Centre permits mining in Hasdeo Arand area in Chhattisgarh
Despite protests by local residents, the environment ministry has permitted further coal mining in 1,136 hectares of land in Chhattisgarh’s Hasdeo Arand, one of the last remaining old growth forests in the country.
The forest advisory committee of the ministry on December 23 approved a proposal to extend mining in the Parsa East and Kente Basan (PEKB) block owned by the Rajasthan’s power distribution utility, as coal reserves in the first allotment of 762 hectares was exhausted earlier than estimated.
Hasdeo Arand, sitting on rich coal reserves, is one of the largest contiguous stretches of dense forests in central India. It spans 170,000 hectares and has 22 coal blocks underneath it. In October last year, HT had reported that protests by local residents broke out in the region after the ministry granted clearance for stage-II mining in the Parsa coal block in the region.
On March 15, 2012, the ministry had granted clearance for mining in around 1,898 hectares of the region in two phases. Mining in phase-I was restricted to 768 hectares over a span of 15 years, considering an annual capacity of 10 million tonnes per annum, according to the clearance. This means that the stage-I mining was to be carried out till 2027.
But the project proponent, Rajasthan Rajya Vidyut Utpadan Nigam Limited, had on September 9, 2020 applied for an amendment to the 2012 forest clearance, seeking the ministry’s nod for stage-II mining in 2022.
The advisory committee referred to a biodiversity report by the Indian Council of Forestry Research and Education that recommended that four contiguous coal blocks in the Gej-Jhink watershed – Tara, Parsa, PEKB and Kente Extension – that are either already open or in advance stage of getting statutory clearances, can be considered for mining with strict environmental safeguards, including appropriate conservation measures for management of surface water and biodiversity.
The approvals for coal mining in PEKB in Hasdeo Arand has been widely opposed by environmentalists. PEKB was a “no-go” area for mining as per a 2011 draft report of the environment ministry. The entire issue of ‘Go - No Go’ is before a Group of Ministers (GoM), constituted by the Cabinet Secretariat on February 3, 2011, to consider the environmental and developmental issues relating to coal mining and other developmental projects.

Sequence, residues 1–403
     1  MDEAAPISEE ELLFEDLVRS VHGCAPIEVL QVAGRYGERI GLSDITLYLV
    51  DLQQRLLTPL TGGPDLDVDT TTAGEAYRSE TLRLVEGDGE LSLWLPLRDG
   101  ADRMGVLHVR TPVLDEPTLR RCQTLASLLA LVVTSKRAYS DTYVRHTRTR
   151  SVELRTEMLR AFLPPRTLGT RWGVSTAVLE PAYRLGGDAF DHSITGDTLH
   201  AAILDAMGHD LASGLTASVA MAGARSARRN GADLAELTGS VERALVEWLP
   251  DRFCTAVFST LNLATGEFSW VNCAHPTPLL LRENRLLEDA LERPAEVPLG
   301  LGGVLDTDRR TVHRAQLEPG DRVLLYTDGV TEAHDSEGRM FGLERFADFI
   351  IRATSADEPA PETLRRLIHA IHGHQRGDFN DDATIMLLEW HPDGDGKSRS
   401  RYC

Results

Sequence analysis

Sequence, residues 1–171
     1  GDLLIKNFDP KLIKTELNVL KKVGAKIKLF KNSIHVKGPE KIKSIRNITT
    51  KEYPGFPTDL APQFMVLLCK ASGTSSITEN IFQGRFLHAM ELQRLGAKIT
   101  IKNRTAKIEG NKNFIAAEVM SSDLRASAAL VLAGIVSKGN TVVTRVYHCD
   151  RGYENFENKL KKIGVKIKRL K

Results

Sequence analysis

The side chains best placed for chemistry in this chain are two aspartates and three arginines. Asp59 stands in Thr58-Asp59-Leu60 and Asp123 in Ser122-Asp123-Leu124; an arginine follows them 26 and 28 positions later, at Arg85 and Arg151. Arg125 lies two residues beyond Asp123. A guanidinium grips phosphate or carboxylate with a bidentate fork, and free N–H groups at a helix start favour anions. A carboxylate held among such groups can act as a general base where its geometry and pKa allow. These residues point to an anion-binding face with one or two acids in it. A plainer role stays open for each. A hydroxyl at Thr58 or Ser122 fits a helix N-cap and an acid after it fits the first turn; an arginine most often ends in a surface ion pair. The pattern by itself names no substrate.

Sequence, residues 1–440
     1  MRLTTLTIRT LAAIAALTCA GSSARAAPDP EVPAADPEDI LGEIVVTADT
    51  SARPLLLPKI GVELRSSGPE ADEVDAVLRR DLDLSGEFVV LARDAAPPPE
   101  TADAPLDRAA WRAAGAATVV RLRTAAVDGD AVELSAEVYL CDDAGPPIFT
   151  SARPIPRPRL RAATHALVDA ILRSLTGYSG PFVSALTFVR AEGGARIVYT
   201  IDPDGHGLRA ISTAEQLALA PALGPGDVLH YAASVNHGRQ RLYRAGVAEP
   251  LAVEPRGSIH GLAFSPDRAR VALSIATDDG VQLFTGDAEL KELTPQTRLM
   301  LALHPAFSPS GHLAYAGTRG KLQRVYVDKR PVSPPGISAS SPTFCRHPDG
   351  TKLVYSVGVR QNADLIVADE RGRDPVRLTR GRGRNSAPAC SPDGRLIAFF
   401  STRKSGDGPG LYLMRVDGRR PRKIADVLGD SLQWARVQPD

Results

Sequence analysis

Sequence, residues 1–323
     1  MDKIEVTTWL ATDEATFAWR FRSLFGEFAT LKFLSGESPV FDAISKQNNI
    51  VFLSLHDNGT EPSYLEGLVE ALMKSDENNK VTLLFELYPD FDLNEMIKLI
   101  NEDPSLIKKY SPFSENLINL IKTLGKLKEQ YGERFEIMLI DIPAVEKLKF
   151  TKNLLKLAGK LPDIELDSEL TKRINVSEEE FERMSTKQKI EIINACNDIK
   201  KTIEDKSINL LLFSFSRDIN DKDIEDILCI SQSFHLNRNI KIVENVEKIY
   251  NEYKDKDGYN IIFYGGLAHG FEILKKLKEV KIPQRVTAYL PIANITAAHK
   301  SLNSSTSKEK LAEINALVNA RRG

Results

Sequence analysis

However, the project was reconsidered after then environment minister Jairam Ramesh observed that the coal blocks were in the “fringe” and not within the biodiversity rich Hasedo Arand forest and were separated by a well-defined hilly ridge.
An expert team from the ministry also visited the site on November 26 to 29 and said that under corporate social responsibility, a number of initiatives in the form of self-employment generation, agriculture, dairy, vermicomposting, women’s empowerment, etc., for uplifting socioeconomic conditions of the people around PEKB block were undertaken.
“We have stated all the reasons why approval has been given for phase II mining in a larger forest area,” a member of the advisory committee said on condition of anonymity. “The risks have been considered and studied.”
“This decision reflects that the Congress-led state government and the Bharatiya Janata Party led central government are concurring on pushing for mining operations despite several socio-ecological, legal and constitutional irregularities,” said Kanchi Kohli, legal researcher at the Centre for Policy Research, a think tank.
The mine is owned by Rajasthan Rajya Vidyut Utpadan Nigam Limited (RRVUNL) while coal mine developer-cum-operator (MDO) operations have been awarded to Adani Enterprises.
Adani Enterprises did not respond to HT’s queries on the matter.